Teams set to agree to reduced F1 budget cap

F1 will operate to a $145 million budget cap

Formula 1 teams are set to agree to a reduced budget cap figure ahead of its introduction into the sport from next season.

It will be the first time in the sport’s history that it has had Financial Regulations, part of what was initially planned as a multi-faceted effort to improve the level of competition between teams.

Technical changes that were set to be introduced have been put on the back burner, and will now be introduced for 2022 with teams continuing to race their 2020 cars again next season.

Initially, a cost cap of $175 million, excluding a number of exceptions including driver wages and power train development, was set to be introduced.

McLaren boss Zak Brown revealed teams had agreed to reduce that to $150 million.

Ross Brawn, Formula 1’s Managing Director, has now revealed the initial cap will be $145 million ahead of a planned reduction over coming seasons.

“We started on $175m – that was a long battle to get it there – and with the current crisis, we’re now going to start at $145m,” he told Sky Sports.

“The discussion really is how much further down can we drive it the next few years?”

Coupled with the reduction in the cost cap, a new method for distributing prize money will also help shore up some of the smaller teams’ finances.

“I think there’s going to be a much more equitable prize fund in the new [Concorde] agreement,” Brawn explained.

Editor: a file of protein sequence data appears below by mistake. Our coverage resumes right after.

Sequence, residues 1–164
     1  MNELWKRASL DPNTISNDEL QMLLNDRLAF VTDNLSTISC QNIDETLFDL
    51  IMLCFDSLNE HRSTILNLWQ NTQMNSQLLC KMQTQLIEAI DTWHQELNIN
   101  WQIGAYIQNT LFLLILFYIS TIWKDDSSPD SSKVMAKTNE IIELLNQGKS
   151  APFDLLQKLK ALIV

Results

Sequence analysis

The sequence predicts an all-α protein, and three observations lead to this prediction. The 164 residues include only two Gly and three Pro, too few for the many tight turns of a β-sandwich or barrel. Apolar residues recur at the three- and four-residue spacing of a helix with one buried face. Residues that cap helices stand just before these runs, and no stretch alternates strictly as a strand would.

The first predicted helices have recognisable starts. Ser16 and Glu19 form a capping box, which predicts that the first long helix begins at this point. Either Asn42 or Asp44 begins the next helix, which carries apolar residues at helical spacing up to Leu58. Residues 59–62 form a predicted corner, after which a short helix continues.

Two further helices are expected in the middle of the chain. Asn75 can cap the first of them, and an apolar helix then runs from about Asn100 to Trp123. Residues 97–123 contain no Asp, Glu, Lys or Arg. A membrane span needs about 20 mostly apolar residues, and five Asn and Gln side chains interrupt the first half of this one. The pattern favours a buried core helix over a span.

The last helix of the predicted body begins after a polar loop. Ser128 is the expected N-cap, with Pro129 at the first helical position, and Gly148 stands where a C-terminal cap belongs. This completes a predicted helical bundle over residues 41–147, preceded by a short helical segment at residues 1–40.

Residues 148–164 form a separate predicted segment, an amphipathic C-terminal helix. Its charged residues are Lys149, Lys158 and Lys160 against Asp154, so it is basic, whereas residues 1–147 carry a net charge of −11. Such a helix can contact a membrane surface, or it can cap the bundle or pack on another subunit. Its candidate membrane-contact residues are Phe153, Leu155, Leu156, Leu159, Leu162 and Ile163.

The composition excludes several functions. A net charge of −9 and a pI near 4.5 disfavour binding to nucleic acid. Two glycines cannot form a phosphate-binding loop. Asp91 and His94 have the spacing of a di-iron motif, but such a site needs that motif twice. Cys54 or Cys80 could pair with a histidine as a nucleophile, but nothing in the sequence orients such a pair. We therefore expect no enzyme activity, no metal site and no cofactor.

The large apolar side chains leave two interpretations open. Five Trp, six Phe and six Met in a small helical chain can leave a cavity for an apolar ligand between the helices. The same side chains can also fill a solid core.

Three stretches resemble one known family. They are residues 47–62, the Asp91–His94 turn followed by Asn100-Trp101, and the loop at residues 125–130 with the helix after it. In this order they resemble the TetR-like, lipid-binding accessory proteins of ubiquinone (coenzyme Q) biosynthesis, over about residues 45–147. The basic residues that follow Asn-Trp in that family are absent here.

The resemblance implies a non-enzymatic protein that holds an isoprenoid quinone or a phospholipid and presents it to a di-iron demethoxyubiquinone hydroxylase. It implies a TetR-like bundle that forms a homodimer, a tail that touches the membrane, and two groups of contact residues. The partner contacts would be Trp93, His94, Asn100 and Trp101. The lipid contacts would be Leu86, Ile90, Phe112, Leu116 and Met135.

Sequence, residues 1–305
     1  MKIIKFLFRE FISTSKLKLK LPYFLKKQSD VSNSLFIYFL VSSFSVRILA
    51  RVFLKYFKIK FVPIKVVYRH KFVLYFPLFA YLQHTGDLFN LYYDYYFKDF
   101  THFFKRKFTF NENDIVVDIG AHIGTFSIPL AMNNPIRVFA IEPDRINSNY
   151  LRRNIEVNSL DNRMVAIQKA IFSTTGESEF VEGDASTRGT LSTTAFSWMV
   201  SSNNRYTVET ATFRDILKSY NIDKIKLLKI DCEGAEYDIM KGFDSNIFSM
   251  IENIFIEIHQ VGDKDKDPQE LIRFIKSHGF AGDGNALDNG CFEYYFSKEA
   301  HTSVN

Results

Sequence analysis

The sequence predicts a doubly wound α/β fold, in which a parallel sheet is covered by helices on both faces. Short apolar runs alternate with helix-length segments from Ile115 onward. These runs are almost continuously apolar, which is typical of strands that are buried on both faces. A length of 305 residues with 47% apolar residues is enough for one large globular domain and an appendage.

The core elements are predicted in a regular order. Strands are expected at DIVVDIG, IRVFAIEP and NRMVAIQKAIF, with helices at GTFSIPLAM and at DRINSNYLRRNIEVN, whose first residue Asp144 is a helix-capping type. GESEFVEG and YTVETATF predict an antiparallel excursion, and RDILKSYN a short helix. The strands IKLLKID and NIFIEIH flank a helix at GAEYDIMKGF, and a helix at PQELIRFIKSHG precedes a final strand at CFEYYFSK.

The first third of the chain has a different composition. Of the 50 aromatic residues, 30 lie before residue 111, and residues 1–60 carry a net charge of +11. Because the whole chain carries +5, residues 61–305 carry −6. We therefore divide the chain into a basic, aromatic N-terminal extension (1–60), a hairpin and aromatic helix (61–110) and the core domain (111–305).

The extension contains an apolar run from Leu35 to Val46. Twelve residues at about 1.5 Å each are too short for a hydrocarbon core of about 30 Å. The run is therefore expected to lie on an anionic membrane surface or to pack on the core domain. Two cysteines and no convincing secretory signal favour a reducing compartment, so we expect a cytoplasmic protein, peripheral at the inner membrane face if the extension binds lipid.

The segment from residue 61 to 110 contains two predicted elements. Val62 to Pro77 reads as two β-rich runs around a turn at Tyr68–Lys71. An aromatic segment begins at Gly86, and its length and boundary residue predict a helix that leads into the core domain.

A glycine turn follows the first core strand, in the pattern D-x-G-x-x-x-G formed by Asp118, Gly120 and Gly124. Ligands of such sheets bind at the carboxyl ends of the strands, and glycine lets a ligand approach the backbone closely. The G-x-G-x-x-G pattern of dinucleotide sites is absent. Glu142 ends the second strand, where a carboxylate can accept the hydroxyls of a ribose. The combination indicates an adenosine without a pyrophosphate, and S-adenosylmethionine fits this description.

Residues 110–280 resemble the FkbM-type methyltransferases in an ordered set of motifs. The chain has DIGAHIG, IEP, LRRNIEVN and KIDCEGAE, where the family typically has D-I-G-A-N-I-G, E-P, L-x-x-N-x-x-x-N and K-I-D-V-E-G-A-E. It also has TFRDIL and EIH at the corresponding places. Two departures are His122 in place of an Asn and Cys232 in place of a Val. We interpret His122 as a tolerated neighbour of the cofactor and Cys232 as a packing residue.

“So the midfield teams, in particular, are going to be much better off in terms of their portion of the prize money.

“A good midfield team should be able to score podiums, maybe a win, and it should make a small profit, and if we can achieve that then we’ve got a very sustainable future.”

With a reduced calendar for 2020 as a result of the COVID-19 pandemic, it is expected that Formula 1 will take a hit in profit as it loses income from promoters, trackside signage, and corporate hospitality.

That has a flow on to teams, which receive a substantial percentage of the sport’s overall profits through prize money payments.

Brawn revealed the sport is looking at ways to mitigate that problem, which is unlikely to fully materialise for teams until 2021.

“We’ll judge on what level we should support the prize fund in the next six to 12 months because obviously we want to keep it alive,” Brawn said.

“If we lose some teams in this period, it will be a tragedy. So we’re working very hard in a fair and equitable way amongst the teams.

“We’ve got 10 very good teams in F1, let’s keep it that way.”

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